MEMORANDUM and ORDER
McCUNE, District Judge.
This action was brought under the Federal Employers' Liability Act, 45 U.S.C.A. § 51 et seq. We presently are confronted with defendant railroad's motion to dismiss the complaint for failure to state a claim upon which relief can be granted.
For disposition of the motion we assume the correctness of the factual allegations of the complaint.
Plaintiff alleges that in 1968 he was suffering from certain diseases and disabilities which he had sustained while in defendant's employ. Plaintiff alleges that defendant and its agents knew of plaintiff's disorders and in spite of that knowledge recalled plaintiff to employment. According to the complaint, defendant thereafter did at times assign plaintiff to work which was beyond his capacity. The result of being required to perform such work was that plaintiff suffered aggravation of his existing condition and incurred new disability. Plaintiff alleged that his worsened condition was the result of the negligence of defendant's agents in failing to give appropriate consideration to his physical condition when making work assignments.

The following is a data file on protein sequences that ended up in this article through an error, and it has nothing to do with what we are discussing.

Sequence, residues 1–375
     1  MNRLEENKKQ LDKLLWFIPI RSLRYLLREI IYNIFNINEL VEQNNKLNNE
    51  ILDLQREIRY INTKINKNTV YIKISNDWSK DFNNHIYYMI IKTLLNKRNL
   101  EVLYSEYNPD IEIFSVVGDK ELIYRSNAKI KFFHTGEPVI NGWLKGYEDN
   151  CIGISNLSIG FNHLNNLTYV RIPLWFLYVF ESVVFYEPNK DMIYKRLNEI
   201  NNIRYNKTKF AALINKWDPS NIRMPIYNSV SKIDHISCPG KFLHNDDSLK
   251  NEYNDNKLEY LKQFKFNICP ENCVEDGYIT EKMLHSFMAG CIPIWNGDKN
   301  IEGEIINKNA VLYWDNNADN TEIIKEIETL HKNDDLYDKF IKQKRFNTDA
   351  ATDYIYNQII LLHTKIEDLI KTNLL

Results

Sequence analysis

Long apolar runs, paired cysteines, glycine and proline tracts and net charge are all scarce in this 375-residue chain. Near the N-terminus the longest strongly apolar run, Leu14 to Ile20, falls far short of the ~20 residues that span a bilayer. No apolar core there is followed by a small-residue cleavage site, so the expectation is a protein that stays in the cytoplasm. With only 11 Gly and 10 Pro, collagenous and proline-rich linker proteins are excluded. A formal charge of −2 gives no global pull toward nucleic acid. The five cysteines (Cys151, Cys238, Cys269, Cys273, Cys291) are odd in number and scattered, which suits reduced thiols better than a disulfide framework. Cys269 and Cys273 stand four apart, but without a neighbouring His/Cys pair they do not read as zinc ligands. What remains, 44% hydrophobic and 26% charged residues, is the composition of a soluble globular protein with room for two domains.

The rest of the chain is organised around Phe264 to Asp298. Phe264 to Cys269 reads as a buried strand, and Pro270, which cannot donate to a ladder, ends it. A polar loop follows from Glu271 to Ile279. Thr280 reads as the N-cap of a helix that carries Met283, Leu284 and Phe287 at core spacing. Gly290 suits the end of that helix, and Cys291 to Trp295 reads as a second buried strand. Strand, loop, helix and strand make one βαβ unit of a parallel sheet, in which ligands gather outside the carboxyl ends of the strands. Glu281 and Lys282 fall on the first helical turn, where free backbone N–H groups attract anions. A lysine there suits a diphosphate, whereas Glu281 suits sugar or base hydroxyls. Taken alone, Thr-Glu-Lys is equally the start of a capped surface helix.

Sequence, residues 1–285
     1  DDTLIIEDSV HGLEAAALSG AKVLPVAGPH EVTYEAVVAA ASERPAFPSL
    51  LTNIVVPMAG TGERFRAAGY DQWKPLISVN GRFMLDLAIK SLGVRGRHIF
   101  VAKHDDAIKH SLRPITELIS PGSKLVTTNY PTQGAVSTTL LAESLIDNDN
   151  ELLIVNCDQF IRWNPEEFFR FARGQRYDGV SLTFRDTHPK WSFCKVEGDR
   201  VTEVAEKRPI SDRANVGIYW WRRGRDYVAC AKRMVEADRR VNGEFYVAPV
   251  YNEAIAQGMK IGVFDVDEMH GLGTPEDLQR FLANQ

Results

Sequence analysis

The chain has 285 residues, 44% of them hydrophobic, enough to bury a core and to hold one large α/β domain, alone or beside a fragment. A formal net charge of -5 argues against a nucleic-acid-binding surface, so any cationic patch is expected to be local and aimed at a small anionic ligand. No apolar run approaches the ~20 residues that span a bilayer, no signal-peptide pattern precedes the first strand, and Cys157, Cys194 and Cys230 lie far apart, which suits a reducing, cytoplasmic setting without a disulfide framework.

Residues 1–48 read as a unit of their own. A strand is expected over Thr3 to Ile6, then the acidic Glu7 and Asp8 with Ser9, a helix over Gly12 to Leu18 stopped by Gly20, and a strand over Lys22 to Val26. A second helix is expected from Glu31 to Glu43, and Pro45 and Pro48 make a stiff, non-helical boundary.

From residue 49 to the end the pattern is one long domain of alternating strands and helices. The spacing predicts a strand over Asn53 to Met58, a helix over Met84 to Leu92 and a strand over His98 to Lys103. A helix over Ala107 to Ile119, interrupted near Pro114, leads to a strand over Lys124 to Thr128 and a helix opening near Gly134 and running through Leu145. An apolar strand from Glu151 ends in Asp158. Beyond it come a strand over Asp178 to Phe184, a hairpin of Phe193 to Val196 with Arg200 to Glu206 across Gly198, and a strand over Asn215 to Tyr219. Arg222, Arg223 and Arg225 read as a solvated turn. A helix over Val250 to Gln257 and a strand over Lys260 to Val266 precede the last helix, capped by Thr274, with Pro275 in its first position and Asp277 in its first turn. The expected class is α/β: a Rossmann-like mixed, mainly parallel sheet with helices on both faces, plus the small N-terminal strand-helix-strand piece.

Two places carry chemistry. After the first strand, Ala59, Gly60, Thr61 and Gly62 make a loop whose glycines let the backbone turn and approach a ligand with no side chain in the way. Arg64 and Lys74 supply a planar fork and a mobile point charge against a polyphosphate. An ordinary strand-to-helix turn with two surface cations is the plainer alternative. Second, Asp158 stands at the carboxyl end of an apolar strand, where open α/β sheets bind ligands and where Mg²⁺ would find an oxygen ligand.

An employee's claim under F.E.L.A. does not depend on an ability to show injury resulting from a particular negligent act, Urie v. Thompson, 337 U.S. 163, 69 S. Ct. 1018, 93 L. Ed. 1282 (1949). In Urie the plaintiff had acquired silicosis allegedly as a result of the defendant's negligence in maintaining the sanders on its locomotives. The court held that the contracting of such a disease over a period of years was an "injury" within the meaning of the F.E.L.A. The occurrence of a specific accident is, contrary to the defendant's contentions, not a prerequisite to the existence of a claim. Defendant also argues that if plaintiff employee knows of his physical disabilities his employer is absolved of any duty to protect the employee from further injury. The decision of the Third Circuit Court of Appeals in Dunn v. Conemaugh & Black Lick R., 267 F.2d 571 (3d Cir. 1959), aff'ing, 162 F. Supp. 324 (W.D. Pa. 1958), rejects this position. In that case the plaintiff employee had returned to work seven weeks after major abdominal surgery. Though defendant knew of this surgery, plaintiff was assigned to work requiring very heavy lifting. A ventral hernia developed requiring surgical correction. Defendant again returned plaintiff to heavy work and again plaintiff developed a ventral hernia. Eventually plaintiff was rendered unfit to perform any heavy work for the remainder of his life. The liability of defendant railroad based on its failure to give proper consideration to plaintiff's weakened condition was upheld. See also, Isgett v. Seaboard Coast Line R., 332 F. Supp. 1127 (D.S.C. 1971). Under Dunn we conclude that the railroad has a duty not to aggravate known disabilities in an employee by negligently assigning that employee to perform work which reasonable men would realize might aggravate his disability.
We conclude that the instant complaint alleges a breach of this duty by the defendant railroad.
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